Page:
The burden and the gift

Today and the next two days are auspicious because they are not only about family, they have brought me to one more realization about my coming out and my transition.

Today, April 29, was my fathers birthday, who passed away in 1998.  Tomorrow, April 30, is my sisters birthday, and Tuesday, May 1 will be the seventh anniversary of my mom’s passing in 2005.

As a token of remembrance, as I dressed to attend the service of my spiritual community here in Santa Fe, The Celebration, I chose to wear silver jewelry, as my mom had always preferred silver to gold.  I also did not wear my wig and instead washed and blow dried my hair which I had colored myself before I got the wig and which was close to the color of my mom’s natural hair color, red.  I also wore a red blouse to honor her as well.

During a portion of the service where anyone who wishes to speak from their heart in an atmosphere of respectful listening, with tears in my eyes, I shared how I have always believed that since I was little that my mom had wanted so much for me to have been a daughter, after having had two sons. Then I shared that had I been the daughter she had hoped for then probably my sister would not be here today.

What struck me about this realization was the burden that I have been carrying all these 62 years and now that my mom is not here that I no longer need to bear that burden.

Another reason I shared had to do with the fact that my marriage partner, my wife actually, who a year ago asked me to move out of our house on our 30th wedding anniversary, February 14, 2011, because she needed the house alone to deal with her health challenges, was the speaker for the day.  This was the first time since she entered the hospital in December 2010 to have a tumor removed from her brain, that she took the opportunity to share about what happened to her from that experience and from the year since.

I sat in a row next to two other women friends and I started to weep, as silently as I could but the friend next to me couldn’t help but notice my distress and momentarily put a hand on my shoulder to let me know that she could identify with my emotion.  At one point, I had to leave the room and go to the ladies restroom where I weeped out loud only to stop for a moment when another woman, a friend also, who came in and asked me if I was okay.  I said that I needed to let go as I stepped into a stall and closed the door.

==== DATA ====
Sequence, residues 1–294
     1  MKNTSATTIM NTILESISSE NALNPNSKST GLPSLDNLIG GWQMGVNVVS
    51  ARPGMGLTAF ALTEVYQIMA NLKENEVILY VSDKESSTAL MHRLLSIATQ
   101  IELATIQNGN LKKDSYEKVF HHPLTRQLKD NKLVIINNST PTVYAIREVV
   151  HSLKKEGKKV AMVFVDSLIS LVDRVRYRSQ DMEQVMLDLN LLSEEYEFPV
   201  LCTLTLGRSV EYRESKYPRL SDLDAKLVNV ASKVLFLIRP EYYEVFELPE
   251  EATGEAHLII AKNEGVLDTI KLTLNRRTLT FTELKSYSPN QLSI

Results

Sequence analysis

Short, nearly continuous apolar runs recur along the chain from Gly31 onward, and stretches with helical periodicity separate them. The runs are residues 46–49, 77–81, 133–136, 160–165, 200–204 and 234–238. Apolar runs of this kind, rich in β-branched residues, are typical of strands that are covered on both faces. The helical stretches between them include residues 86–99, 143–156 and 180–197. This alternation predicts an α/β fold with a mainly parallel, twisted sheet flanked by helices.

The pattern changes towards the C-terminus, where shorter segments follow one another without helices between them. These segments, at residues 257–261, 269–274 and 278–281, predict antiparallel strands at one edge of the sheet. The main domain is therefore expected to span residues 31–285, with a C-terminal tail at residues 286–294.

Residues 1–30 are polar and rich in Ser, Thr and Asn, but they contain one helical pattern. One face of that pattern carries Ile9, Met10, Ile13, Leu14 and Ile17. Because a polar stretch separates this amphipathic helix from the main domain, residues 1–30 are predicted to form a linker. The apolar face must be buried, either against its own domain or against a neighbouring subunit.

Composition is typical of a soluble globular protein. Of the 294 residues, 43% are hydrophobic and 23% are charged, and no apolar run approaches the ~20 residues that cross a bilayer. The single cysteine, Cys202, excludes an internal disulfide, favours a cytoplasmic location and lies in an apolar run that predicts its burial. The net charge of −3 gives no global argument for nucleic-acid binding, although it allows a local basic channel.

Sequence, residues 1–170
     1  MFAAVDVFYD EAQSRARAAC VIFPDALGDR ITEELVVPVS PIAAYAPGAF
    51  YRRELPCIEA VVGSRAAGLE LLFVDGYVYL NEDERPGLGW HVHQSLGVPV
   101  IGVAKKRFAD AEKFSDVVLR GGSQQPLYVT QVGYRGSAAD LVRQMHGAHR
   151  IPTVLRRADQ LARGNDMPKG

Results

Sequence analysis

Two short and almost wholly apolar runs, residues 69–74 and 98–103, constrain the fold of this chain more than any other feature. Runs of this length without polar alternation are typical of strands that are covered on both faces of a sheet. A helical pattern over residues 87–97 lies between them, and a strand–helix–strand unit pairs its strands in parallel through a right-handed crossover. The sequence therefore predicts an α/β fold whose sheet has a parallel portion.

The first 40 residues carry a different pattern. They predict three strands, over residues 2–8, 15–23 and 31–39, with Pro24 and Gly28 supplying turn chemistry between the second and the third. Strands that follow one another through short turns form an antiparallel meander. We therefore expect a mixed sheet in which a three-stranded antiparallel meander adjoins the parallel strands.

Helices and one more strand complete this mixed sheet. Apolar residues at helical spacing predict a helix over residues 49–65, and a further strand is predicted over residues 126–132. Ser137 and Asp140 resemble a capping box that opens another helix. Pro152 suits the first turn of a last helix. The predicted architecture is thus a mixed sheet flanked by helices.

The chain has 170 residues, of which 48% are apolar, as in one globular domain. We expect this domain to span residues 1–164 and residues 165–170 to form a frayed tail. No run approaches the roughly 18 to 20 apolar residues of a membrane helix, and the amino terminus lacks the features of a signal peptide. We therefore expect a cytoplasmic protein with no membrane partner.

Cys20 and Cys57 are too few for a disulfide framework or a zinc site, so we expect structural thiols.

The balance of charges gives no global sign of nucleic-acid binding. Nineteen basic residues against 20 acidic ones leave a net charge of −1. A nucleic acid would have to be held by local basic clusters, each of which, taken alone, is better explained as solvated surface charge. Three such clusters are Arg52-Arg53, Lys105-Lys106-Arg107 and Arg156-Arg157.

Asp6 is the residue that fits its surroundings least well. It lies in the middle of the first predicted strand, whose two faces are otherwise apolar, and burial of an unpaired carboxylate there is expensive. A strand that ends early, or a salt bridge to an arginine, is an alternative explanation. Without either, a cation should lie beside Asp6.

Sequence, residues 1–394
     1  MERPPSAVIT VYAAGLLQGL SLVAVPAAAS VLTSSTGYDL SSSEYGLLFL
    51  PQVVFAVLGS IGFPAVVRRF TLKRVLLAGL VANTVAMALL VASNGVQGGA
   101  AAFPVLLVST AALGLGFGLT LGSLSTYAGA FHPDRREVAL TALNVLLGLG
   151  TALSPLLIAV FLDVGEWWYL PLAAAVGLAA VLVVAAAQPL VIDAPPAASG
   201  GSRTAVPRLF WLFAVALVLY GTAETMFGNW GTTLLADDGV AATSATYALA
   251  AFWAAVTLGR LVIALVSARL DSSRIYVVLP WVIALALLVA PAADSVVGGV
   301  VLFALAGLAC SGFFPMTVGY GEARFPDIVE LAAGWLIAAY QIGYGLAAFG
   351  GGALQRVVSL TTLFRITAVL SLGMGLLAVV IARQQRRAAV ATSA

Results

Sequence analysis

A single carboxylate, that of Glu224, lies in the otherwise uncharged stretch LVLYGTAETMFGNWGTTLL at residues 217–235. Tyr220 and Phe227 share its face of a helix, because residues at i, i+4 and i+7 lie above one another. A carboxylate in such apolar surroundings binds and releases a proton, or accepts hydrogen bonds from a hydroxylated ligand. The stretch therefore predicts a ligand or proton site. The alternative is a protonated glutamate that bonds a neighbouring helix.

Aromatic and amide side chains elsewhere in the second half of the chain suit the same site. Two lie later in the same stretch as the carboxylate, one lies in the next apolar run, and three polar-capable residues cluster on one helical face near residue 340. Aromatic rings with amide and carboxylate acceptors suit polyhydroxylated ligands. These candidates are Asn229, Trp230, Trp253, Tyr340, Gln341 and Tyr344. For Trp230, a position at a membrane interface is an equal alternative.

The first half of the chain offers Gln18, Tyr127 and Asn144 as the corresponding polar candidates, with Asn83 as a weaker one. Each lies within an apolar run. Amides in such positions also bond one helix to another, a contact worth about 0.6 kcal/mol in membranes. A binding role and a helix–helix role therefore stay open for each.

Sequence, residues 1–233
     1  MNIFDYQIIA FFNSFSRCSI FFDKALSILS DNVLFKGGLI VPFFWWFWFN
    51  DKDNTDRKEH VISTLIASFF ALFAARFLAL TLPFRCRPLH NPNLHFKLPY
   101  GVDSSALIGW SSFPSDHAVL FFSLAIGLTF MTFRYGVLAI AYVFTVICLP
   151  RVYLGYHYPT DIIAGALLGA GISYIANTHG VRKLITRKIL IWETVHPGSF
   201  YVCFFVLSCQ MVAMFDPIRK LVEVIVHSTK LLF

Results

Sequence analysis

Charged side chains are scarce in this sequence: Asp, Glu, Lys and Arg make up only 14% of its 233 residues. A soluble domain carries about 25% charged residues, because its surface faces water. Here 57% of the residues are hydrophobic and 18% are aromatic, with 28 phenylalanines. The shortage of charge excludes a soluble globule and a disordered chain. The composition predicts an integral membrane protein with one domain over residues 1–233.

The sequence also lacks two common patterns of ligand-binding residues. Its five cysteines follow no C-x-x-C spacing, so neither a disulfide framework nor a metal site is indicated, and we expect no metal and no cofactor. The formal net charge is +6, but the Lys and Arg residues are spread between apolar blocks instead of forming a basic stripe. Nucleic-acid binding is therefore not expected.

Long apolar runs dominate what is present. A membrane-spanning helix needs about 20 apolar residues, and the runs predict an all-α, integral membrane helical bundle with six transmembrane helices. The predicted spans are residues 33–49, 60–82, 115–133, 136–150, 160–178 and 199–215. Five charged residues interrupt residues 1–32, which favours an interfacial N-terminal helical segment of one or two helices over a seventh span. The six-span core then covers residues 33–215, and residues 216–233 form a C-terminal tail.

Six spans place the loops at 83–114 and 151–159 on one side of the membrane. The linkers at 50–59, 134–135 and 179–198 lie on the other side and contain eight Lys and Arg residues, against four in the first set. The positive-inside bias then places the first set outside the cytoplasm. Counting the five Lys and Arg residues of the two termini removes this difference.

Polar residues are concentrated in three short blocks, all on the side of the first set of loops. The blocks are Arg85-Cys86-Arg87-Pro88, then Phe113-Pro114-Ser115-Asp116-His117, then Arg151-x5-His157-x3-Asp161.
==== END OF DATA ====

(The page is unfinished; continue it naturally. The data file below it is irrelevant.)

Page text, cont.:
The second part of my share was to finally close a door that had been painfully left open since my wife first asked me to leave our home.  I looked at her and shared that while our separation had been painful, it had also been a gift.  After the anger and sorrow of our separation had been worked through during the many months following, through my full hip replacement surgery, recovery and rehabilitation, I had finally found the peace and the space to reinvent my life the way I had always wanted it to be and which I had been unable to do until I finally realized that there was no longer any reason to wait to be reincarnated into another life as a woman.

The gift was that I could now become the person that I had always wanted to be, the woman of my dreams, confident, competent and most of all, beautiful.



About Deanna Joy Hallmark

I am a post-op transgender woman who has now completed transition and living my life as the woman I was born to be. I have been writing my blog, now titled "A Spy in the Enemy Camp - A transgender woman’s perspective from having lived as a man among men" since December 2011. Originally a record of my process and feelings in transition, last summer in 2013 it took on observations from both sides of the gender binary and now will also be looking at my past life pretending to be the man I never was and how it finally brought me to where I am today, the beautiful intelligent woman I had always believed I should have been since I was little.
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